Full-Day K Funding Gets Initial OK From Aldermen
The one-time expenditure of $497K next year would bridge the one-year financial gap created by the elimination of the $2,500 full-day kindergarten fee, before additional state education funding would kick in and cover the cost of the program.
One-time funding that would allow Melrose Public Schools to eliminate the $2,500 full-day kindergarten fee received initial approval from the Board of Aldermen on Thursday night.
The aldermen's Appropriations Committee, comprised of the full board, unanimously approved the $497,425 transfer from a variety of accounts to the school department, and the full board should take a final vote to approve the move at its next meeting on Monday, May 7.
The one-time expenditure would bridge the one-year financial gap before additional state education funding would kick in, via the state's Chapter 70 formula, to cover the cost of providing full-day kindergarten to all students.
In addressing the aldermen last night, Mayor Rob Dolan reiterated that a unique set of favorable fiscal circumstances makes the move possible: at least level-funded local aid, a lack of snow deficit and a low health insurance cost increase.
Dolan also addressed a question raised by some of the aldermen: whether or not changes in the future could result in the city having to find more money to cover the cost of full-day kindergarten.
"Mr. (Patrick) Dello Russo (Melrose chief financial officer and city auditor) and I have done an exensive amount of background and research to ensure what’s very important to us—sustainability," Dolan said. "This isn’t a one-time fix, then in two years or next year there’s some unforeseen situation that we’ll be back before the School Committee seeking additional funds."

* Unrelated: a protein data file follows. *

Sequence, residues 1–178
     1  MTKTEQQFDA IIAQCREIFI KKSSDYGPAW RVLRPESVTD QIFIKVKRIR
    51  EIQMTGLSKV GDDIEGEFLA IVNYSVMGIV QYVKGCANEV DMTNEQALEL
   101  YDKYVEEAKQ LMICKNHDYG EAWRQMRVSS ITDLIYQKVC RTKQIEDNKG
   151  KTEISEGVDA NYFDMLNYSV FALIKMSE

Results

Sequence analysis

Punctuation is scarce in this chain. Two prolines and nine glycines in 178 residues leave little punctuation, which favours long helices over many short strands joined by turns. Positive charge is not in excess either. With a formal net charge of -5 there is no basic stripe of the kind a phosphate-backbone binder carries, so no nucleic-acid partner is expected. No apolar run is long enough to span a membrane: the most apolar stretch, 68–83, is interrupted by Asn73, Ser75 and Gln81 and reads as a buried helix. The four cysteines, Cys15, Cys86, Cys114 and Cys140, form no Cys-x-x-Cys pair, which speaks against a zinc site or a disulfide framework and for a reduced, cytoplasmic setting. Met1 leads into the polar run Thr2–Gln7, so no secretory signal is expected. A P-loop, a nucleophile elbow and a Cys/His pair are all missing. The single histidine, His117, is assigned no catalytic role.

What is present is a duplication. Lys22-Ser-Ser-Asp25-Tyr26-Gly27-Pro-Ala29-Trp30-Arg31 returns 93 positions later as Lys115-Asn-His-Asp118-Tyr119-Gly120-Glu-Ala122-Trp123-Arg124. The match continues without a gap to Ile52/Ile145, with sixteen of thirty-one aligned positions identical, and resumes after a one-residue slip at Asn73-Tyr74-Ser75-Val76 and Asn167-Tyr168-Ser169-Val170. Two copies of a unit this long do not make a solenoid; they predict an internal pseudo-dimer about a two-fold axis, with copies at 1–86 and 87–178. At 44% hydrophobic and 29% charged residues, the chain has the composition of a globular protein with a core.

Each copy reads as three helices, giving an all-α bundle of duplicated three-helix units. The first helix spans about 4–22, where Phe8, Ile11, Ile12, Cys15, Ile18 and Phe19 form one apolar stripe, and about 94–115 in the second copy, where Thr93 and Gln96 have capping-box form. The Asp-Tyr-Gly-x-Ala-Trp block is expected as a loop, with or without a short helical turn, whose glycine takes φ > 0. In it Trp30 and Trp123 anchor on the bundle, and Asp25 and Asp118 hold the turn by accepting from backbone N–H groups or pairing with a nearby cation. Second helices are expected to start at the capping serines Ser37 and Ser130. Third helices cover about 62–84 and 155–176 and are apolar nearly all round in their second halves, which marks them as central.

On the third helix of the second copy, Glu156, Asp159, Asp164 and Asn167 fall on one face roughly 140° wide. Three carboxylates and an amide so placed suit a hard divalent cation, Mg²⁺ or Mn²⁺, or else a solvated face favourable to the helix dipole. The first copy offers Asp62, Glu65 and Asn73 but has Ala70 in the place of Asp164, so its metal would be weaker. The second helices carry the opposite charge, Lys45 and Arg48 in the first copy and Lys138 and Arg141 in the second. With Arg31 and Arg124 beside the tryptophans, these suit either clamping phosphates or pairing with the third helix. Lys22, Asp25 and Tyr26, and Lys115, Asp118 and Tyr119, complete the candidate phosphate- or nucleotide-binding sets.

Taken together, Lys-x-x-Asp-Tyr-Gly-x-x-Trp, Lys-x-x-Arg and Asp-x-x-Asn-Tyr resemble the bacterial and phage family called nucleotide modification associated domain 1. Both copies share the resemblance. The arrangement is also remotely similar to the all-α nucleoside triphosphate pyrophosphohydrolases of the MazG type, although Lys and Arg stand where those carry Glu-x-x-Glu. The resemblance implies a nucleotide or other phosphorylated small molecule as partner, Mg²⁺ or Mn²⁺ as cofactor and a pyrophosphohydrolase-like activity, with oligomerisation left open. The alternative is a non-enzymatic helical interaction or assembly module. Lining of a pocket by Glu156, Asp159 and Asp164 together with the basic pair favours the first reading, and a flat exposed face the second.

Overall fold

Dello Russo said that he worked with Dick Sullivan of public accounting firm Powers and Sullivan to determine that eliminating the fee would not adversely affect the city's finances in either the short or long-term.
"We’re in a position, a foundation budget status, that works for us," he said. "Some communities are not in the position because of net school spending or foundation aid. We are."
Alderman at-Large Mary Beth McAteer Margolis pointed out that the per pupil amount provided to the city through the Chapter 70 formula is the same for each student, regardless of grade level, and that the $2,500 fee did not fully fund full-day kindergarten.
Dello Russo, in response to a question from McAteer Margolis, said that the city received approximately $3,500 for each half-day kindergarten student and over $7,000 for each full-day student. The school department could therefore conceivably realize a net overall increase in money by eliminating the fee.
"The district has been covering some of the cost," McAteer Margolis said. "I think this puts us in a very smart position going forward, not only fiscally but academically."
Where the Money Comes From
Most of the funding comes from one-time state aid the city received this fiscal year to the tune of $313,638, according to the order filed with the aldermen.
Another $200,724 comes from the city's overlay accounts for fiscal years 2006, 2008 and 2010; those accounts are money the city must set aside to cover property tax revenue shortfalls, whether due to abatements, exemptions or otherwise. The Melrose Board of Assessors, Dello Russo said, has determined those funds are available and won't be needed to cover those fiscal years.